About History in the HeadlinesCatch up on new discoveries, explore important anniversaries and get the history behind today's headlines.
- The John Wilkes Booth Mummy That Toured America
- The Forgotten Story of America’s Titanic, 150 Years Ago
- 8 Things You May Not Know About the Gallipoli Campaign
- In Reversal, Pearl Harbor Unknowns to Be Exhumed
- 8 Things You Didn't Know About Catherine the Great
- WWII Aircraft Carrier Used in Atomic Bomb Tests Found Intact on Sea Floor
- Mussolini’s Final Hours, 70 Years Ago
- Julius Caesar Suffered from Strokes, Not Epilepsy, New Study Says
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This Day in History
In a ceremony presided over by England’s Queen Elizabeth II and French President Francois Mitterand, a rail tunnel under the English Channel was officially open…
On the 50th anniversary of the first live transatlantic television feed beamed by Telstar, revisit the historic broadcast of July 23, 1962.
Author Jim Reisler answers questions about America’s first Olympic team, the subject of his recent book.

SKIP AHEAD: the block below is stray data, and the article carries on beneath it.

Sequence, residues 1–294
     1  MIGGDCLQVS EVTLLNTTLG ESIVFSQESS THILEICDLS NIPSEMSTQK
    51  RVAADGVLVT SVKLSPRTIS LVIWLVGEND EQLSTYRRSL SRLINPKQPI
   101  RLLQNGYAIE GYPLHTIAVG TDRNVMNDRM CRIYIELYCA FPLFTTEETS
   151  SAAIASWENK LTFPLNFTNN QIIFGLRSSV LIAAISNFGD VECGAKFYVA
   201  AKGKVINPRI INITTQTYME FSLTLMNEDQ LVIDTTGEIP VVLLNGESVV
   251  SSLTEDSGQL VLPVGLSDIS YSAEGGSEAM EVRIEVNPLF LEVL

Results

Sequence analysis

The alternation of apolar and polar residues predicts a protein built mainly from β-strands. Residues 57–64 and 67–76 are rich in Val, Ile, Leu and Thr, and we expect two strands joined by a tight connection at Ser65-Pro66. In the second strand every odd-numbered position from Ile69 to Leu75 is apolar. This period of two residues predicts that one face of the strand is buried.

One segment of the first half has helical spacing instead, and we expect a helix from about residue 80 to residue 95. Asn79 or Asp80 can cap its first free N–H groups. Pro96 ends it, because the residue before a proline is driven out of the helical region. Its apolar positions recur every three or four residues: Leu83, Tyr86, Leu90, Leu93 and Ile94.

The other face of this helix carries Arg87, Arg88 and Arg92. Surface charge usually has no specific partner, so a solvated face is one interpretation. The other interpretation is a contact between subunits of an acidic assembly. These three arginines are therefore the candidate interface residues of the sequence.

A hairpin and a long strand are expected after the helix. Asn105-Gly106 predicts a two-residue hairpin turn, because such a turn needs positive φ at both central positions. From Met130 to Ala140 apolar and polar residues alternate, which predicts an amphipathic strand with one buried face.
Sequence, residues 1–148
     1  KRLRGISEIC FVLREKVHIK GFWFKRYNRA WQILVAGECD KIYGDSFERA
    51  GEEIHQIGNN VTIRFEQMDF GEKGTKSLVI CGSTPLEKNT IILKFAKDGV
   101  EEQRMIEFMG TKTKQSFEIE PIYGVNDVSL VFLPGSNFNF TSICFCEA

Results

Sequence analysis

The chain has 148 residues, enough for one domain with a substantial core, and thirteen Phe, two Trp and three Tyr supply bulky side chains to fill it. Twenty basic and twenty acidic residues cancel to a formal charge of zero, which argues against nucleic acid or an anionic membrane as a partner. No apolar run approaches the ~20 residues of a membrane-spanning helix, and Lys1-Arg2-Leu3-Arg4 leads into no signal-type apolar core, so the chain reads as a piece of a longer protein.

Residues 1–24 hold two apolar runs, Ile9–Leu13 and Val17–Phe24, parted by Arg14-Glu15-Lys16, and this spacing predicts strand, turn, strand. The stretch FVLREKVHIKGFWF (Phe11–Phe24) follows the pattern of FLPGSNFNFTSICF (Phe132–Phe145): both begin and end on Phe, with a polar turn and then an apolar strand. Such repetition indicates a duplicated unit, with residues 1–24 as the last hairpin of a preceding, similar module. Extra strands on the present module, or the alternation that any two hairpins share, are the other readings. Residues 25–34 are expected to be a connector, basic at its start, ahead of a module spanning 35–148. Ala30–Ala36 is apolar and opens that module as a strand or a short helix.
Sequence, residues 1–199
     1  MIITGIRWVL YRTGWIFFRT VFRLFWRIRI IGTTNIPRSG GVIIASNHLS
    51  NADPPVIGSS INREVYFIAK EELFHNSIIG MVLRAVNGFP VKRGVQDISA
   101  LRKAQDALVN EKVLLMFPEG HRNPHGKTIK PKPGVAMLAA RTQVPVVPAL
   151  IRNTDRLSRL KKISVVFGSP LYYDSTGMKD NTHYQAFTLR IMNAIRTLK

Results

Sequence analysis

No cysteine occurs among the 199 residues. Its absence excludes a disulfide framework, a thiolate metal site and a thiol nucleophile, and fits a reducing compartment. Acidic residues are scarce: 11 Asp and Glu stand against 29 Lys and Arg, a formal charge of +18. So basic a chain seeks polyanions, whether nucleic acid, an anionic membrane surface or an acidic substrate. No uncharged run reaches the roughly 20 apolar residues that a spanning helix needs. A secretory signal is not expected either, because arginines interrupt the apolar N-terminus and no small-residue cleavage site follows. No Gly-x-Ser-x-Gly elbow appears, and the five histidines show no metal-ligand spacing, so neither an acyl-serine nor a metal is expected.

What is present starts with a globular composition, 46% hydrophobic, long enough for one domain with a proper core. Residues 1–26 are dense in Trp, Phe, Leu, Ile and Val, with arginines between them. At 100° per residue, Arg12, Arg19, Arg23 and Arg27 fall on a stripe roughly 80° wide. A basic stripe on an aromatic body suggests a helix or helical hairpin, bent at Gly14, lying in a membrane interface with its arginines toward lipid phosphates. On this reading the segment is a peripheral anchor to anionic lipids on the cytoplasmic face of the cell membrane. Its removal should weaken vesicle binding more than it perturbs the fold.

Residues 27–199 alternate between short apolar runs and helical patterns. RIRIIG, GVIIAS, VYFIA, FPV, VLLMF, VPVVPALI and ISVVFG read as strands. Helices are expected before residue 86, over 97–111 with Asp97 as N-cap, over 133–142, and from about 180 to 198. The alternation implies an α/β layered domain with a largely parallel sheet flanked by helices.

Scraping animal hides, not hunting with spears, may have produced Neanderthals’ humerus asymmetry.
Archaeologists have uncovered the remains of more than 200 warriors who were thrown into a Danish lake some 2,000 years ago.
Nearly 80 years after the bloody shootout that killed the notorious outlaws Bonnie and Clyde, their handguns are being put up for auction.
A century after Horn & Hardart opened its first Automat in New York City, take a look back at America’s first fast food chain.
Discover six things you may not know about the Medal of Honor, which was signed into law 150 years ago, and its recipients.
The United States’ invasion of Canada 200 years ago went awry from the start.
On the anniversary of Skylab’s plunge to Earth on July 11, 1979, discover how the world celebrated, feared and commercialized the spectacular event.
Explore eight surprising facts about the famous Russian ruler.
A previously unknown copy of the map credited with popularizing the name “America” has turned up in a university library in Munich.
As people across the United States celebrate the nation’s birthday, explore nine surprising facts about the founding document adopted on July 4, 1776.
On the eve of Independence Day, get into the holiday spirit with five entertaining tales about Fourth of July celebrations at the White House.